Observations in the studied denomination suggest that she should conceptualise business as an instrumental means of fulfilling missio Ecclesiae and missio Dei. Various scholars (such as Ballor 2014:125–131; Graafland 2013:110; Khumalo 2012:599–600; Metu 2016; Woolnough & Ma 2010:27) advance a thesis that ecclesiology should be integrated with economics in order to sustain wide-ranging missionary ministry in the marketplace and communities for total societal transformation.

Talking about ecclesiology, discipleship and economics, Crosby (1988:266) stresses the interaction of the divine and earthly, saying that ‘with a growing realization of the basic unity of the world, we are beginning to return to a realization of the need for interdependence’. According to Crosby (1988:266), Jesus Christ epitomised and facilitated the development of holistic missionary ministry, covering kerygma, diakonia, koinonia and leitourgia. Complementarily, Iannaccone (2010:1–3) encourages the interconnection of missio Ecclesiae with economics in order to resolve issues behind other churches’ decline when some of them are thriving in the same contexts. Similarly, Self (2012:n.p.) integrates faith, work and economics as a strategy for ecclesiological economic sustainability. He agrees with Butzke (n.d.:4), Cho (2020:37–39) and Augustine (2016:9:79) that, like the world, ecclesiology is an interdependent system that demands interconnectivity between faith, stewardship and work for tenability to be realised. Bearing in mind that AOG BTG church is economically unstable, establishing some enterprising ventures to grow her resources is a key strategy that can help her up.

Rebuilding stewardship

This study observes that stewardship is one of the pivotal strategies that can help the AOG BTG church to gain economic sustainability in Zimbabwe. It involves being a trustee or guardian of God-given resources such as time, money, talents or other resources.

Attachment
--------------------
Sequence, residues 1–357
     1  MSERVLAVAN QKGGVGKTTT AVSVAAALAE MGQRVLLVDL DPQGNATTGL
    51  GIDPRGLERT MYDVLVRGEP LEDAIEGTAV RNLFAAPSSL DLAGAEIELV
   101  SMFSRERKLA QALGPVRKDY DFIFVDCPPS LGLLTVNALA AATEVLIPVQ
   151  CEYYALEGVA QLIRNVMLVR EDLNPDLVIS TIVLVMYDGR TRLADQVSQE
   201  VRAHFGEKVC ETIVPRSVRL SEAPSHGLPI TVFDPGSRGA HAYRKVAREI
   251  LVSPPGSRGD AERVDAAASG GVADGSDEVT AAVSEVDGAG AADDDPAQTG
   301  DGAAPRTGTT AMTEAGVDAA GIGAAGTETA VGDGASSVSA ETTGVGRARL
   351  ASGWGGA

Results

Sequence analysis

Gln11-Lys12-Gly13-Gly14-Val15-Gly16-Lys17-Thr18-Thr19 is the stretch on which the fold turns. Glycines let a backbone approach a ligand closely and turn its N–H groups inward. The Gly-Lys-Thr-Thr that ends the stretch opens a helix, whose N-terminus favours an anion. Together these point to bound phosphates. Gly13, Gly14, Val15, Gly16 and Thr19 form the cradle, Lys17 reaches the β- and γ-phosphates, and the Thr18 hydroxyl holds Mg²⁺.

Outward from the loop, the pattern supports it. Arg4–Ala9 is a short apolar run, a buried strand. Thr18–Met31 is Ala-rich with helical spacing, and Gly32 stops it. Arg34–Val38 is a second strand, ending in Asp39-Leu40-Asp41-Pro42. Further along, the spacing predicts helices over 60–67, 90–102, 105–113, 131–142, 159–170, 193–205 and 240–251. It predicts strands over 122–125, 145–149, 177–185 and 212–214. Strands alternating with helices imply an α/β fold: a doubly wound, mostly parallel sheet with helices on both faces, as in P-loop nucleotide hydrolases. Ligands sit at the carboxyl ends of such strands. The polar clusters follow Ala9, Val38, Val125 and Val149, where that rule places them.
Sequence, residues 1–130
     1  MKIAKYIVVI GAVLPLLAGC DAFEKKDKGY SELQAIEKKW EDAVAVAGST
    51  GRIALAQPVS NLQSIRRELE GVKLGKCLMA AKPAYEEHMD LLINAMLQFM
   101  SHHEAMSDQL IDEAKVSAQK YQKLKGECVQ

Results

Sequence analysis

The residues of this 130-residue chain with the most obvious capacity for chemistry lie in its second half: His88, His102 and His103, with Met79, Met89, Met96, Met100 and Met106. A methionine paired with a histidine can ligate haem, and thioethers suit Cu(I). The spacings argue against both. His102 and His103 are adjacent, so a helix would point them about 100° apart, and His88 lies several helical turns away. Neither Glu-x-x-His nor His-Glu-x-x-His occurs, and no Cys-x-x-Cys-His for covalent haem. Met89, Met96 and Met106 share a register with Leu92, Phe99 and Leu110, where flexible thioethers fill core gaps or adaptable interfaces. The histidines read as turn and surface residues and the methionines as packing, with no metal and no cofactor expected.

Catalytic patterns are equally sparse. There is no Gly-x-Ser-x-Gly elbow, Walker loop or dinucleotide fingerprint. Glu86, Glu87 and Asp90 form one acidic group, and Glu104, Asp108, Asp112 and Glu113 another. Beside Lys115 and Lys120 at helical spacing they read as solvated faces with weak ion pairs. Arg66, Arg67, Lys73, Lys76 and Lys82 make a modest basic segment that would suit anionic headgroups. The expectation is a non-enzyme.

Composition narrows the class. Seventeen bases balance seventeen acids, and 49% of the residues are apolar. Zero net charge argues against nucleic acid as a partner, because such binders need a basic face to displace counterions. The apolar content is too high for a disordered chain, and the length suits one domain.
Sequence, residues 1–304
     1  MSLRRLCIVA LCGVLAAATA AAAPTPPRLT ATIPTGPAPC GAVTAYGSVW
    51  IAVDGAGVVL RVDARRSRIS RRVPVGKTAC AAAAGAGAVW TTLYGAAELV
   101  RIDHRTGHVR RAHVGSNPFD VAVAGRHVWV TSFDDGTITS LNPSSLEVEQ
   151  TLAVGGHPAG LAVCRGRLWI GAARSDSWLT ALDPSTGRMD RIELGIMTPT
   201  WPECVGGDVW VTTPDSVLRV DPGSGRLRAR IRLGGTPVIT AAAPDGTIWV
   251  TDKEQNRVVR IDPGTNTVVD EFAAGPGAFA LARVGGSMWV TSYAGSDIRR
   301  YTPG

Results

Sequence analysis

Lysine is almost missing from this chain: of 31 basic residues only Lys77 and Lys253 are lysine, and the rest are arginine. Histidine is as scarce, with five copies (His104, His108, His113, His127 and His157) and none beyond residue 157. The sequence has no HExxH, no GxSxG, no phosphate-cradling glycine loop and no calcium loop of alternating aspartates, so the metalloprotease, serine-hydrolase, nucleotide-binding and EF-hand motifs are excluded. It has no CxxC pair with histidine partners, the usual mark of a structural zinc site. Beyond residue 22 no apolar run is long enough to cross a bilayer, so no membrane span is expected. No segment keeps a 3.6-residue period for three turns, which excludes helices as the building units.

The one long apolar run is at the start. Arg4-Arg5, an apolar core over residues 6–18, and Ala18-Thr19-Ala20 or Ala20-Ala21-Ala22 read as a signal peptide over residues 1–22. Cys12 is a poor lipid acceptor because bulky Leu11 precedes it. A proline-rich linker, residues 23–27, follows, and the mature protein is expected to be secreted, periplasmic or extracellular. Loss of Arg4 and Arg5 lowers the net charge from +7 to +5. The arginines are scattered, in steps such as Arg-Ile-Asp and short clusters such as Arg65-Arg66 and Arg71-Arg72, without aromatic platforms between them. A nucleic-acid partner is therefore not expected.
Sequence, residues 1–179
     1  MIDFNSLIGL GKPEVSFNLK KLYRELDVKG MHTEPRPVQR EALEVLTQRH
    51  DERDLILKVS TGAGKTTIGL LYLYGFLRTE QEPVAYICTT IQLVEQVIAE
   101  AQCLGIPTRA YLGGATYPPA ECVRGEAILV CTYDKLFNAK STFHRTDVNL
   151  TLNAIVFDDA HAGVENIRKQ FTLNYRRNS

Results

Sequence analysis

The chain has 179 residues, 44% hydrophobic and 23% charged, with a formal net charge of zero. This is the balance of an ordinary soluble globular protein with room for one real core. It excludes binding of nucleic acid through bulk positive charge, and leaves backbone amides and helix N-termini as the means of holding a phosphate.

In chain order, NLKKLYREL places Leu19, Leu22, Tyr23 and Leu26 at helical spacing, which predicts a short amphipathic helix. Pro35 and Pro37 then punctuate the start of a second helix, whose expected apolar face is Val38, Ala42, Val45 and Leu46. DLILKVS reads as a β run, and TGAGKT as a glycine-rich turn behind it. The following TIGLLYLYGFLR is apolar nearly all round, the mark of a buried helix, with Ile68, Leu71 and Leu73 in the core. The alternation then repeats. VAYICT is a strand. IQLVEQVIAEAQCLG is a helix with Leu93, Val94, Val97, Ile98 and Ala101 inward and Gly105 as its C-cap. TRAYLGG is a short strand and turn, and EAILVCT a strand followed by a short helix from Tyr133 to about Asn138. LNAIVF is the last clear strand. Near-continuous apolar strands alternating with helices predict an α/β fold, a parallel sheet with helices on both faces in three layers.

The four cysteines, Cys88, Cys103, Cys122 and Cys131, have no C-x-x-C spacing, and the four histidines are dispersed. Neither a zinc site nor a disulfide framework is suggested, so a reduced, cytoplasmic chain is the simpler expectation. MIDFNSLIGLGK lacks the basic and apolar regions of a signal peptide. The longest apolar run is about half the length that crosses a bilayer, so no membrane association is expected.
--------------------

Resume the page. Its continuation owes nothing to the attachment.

Traditionally, however, stewardship has been understood theocentrically, as conceptualisation of belonging to God, and entrustment of his resources to humans for the sustenance of his mission (Ahiamadu 2007:43; Attfield 2015:n.p.; Churchill 2017:1). This study argues that the conception of stewardship determines giving. Brooks (2005:n.p.) reassuringly avers that giving is motivated by one’s faith and maturity in stewardship.

Together with Sergeyev (2020:56) and Van Brooks (2018:853–854), this study upholds that congregants should be taught to give as stewards of God for the sustenance of the church. As Lombart (2018:n.p.), Lovelace (2004:n.p.) and McFate (2010:6–7) assert, it is crucial for the church to develop a foundational theology of stewardship to transform congregational giving. Arguably, that will foster giving towards her economic sustainability for the sustenance of missio Dei and missio Ecclesiae.

Setting up a business development unit

Further responding to a question about what strategies can help the church to be economically sustainable in Zimbabwe, concurring emphatic views from the majority of the AOG BTG church interviewees suggested that the church needs and should set up a business development unit that focusses on research, innovation, brainstorming, generation, development and operation of business for the church to realise her economic sustainability.